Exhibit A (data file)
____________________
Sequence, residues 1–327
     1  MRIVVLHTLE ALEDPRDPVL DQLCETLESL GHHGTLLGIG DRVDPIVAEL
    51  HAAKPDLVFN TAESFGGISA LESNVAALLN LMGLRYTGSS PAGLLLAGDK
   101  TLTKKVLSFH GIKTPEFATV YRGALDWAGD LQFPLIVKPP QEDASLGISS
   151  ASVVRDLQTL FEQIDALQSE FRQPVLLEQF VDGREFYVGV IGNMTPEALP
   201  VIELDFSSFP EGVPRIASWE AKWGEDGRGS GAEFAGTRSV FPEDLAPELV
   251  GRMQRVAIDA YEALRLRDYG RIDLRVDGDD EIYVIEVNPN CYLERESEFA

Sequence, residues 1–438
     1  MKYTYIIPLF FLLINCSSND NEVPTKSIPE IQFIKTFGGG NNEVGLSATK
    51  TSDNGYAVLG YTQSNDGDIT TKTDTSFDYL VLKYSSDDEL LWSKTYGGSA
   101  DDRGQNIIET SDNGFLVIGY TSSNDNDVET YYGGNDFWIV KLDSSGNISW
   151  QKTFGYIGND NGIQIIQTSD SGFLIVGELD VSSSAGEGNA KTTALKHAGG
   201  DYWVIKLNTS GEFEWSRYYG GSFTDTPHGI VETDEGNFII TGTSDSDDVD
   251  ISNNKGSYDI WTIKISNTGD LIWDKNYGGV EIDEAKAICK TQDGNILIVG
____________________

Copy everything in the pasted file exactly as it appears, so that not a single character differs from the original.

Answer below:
Sequence, residues 1–327
     1  MRIVVLHTLE ALEDPRDPVL DQLCETLESL GHHGTLLGIG DRVDPIVAEL
    51  HAAKPDLVFN TAESFGGISA LESNVAALLN LMGLRYTGSS PAGLLLAGDK
   101  TLTKKVLSFH GIKTPEFATV YRGALDWAGD LQFPLIVKPP QEDASLGISS
   151  ASVVRDLQTL FEQIDALQSE FRQPVLLEQF VDGREFYVGV IGNMTPEALP
   201  VIELDFSSFP EGVPRIASWE AKWGEDGRGS GAEFAGTRSV FPEDLAPELV
   251  GRMQRVAIDA YEALRLRDYG RIDLRVDGDD EIYVIEVNPN CYLERESEFA

Sequence, residues 1–438
     1  MKYTYIIPLF FLLINCSSND NEVPTKSIPE IQFIKTFGGG NNEVGLSATK
    51  TSDNGYAVLG YTQSNDGDIT TKTDTSFDYL VLKYSSDDEL LWSKTYGGSA
   101  DDRGQNIIET SDNGFLVIGY TSSNDNDVET YYGGNDFWIV KLDSSGNISW
   151  QKTFGYIGND NGIQIIQTSD SGFLIVGELD VSSSAGEGNA KTTALKHAGG
   201  DYWVIKLNTS GEFEWSRYYG GSFTDTPHGI VETDEGNFII TGTSDSDDVD
   251  ISNNKGSYDI WTIKISNTGD LIWDKNYGGV EIDEAKAICK TQDGNILIVG